Friday, September 7, 2012


We arrived in Samoa yesterday (Friday) having crossed the international date line, lost one day, and gained an hour. That put us in in time to clear in through all the formalities by supper time and still manage to get out to see the 'Miss Samoa' pageant last night. Entrance formalities involved 6 people from 5 organizations and a walk downtown to the Immigration offices.

Ladybug is tied up in a marina for the first time since we left Mexico about 6 months ago. There are many boats here that we know, it being one of those cruising bottlenecks that is pleasant to visit and hard to leave. Gaku, our Japanese friends whom we met in the Marquesas are just across the dock and dropped over before we were even cleared in with a little bag of fresh vegetables, knowing how precious these would be after 4 weeks away from markets. 'Chapter 2' is also here - our good friends with whom we spent so much time in French Polynesia. They arrived with a loaf od fresh bread and tickets to the show. Truly it is the people you meet while cruising that make this experience so worthwhile!

The 'Miss Samoa' pageant featured six lovely Samoan women between 20 and 23 and was arranged similarly to other beauty and talent pageants, but with a very patriotic Samoan flavour and, of course, Samoan dance and music. The costumes were much more modest than those in the decadent west - Samoans are very religious (mainly Christian) people, which might explain this. Many of the dresses and outfits were of traditional materials - bark and feathers - and some were remarkably ornate and imaginative. The women were extremely beautiful and all were good dancers. One woman clearly had the crowd with her (friends, fans, and relatives I would guess) and they gave her tremendous support in the form of cheering and shouting whenever she came on stage.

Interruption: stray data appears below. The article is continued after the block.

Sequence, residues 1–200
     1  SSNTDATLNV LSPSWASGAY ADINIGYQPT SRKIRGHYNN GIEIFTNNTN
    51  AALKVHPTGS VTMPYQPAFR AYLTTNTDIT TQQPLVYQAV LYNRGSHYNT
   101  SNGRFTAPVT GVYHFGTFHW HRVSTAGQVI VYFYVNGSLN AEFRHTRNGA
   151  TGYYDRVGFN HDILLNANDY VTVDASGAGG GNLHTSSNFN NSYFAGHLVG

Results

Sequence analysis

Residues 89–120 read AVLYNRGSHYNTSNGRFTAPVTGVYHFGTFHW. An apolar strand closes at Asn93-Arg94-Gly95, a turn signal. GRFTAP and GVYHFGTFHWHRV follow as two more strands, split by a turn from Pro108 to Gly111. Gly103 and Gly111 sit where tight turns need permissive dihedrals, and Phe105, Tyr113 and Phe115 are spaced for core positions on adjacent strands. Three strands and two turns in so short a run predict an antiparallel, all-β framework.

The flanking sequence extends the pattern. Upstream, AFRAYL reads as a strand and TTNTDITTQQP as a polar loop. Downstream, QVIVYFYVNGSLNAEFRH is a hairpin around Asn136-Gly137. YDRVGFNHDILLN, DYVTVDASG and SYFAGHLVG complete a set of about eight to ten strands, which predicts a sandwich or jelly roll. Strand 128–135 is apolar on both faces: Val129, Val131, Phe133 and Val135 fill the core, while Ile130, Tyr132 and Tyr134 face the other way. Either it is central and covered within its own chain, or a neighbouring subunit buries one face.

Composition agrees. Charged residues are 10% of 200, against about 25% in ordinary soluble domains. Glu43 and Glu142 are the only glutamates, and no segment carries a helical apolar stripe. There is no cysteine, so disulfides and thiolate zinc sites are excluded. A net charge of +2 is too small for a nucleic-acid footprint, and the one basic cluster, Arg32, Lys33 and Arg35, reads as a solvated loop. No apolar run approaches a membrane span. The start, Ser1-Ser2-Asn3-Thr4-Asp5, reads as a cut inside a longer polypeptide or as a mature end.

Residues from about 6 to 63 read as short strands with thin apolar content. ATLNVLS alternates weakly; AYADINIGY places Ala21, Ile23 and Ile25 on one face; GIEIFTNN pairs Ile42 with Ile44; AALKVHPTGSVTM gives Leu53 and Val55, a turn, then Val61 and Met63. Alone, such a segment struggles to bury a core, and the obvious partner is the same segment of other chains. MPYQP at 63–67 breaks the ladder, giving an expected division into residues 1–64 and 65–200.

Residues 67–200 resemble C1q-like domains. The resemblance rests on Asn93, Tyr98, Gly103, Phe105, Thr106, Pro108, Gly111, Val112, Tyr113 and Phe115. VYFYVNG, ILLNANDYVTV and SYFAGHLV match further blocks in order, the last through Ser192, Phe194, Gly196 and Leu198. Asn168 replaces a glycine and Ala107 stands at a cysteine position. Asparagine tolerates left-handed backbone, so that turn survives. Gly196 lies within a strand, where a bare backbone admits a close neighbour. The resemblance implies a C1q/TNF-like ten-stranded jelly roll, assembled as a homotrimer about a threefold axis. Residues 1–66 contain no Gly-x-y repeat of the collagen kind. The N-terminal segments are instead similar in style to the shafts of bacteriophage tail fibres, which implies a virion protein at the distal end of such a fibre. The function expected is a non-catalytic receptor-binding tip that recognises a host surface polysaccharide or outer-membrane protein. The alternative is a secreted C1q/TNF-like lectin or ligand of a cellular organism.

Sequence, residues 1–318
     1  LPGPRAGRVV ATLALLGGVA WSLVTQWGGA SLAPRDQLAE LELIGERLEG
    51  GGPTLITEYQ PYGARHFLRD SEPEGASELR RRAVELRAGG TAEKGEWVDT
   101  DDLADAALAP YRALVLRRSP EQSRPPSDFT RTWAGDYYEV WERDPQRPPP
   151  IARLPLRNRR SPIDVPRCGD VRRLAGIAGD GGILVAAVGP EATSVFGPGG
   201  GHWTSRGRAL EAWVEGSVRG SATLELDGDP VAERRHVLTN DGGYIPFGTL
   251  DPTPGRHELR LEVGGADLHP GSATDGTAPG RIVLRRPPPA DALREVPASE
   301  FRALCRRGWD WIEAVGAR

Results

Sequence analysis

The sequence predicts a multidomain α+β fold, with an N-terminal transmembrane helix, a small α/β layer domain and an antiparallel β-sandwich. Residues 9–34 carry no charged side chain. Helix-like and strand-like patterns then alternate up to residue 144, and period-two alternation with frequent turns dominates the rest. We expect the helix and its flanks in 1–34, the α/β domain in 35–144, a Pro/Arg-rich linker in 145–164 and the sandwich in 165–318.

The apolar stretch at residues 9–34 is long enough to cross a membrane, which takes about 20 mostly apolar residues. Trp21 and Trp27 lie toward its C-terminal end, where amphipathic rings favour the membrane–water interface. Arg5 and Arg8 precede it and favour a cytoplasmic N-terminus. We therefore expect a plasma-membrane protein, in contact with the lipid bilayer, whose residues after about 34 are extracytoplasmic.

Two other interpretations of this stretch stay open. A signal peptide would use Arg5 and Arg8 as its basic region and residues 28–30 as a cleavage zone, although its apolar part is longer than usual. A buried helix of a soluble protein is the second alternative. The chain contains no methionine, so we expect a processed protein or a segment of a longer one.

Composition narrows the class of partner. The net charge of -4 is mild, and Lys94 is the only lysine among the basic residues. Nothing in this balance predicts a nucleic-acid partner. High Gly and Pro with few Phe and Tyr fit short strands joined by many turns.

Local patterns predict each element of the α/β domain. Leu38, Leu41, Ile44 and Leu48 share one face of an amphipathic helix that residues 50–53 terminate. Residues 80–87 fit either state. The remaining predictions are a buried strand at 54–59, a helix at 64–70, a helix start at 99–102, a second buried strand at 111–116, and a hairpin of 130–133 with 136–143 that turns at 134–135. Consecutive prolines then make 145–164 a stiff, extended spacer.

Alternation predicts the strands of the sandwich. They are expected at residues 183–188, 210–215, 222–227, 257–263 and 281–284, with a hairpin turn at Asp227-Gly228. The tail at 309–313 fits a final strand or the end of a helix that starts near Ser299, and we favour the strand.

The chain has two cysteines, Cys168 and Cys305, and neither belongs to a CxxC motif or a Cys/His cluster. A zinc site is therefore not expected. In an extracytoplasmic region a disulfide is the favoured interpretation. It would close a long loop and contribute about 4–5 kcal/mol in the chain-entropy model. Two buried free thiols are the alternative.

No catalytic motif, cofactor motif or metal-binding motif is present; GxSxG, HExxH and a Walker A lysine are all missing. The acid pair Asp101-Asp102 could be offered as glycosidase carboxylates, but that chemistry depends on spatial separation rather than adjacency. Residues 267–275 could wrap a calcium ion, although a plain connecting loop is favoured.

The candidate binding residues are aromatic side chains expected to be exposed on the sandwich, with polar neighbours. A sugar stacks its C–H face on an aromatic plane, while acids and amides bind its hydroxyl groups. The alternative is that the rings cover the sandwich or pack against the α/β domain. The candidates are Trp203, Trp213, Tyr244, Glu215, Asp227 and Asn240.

That brings me to the differences between a Samoan audience and one back in Canada. The audience appeared to be unrestrained in ways that would be considered rude in Canada. People started leaving en masse before the show ended right in the middle of the crowning of the new Miss Samoa. Far fewer people clapped for the performers and the clapping was very brief. When one contestant banged her head while exiting the stage, due to poor light, instead of a few titters and a hush of empathy for the poor woman, the audience erupted in laughter that lasted for a full minute or more! Clearly slapstick would go over well with such an audience.

We plan to stay here for two weeks and rent a car to tour the islands.

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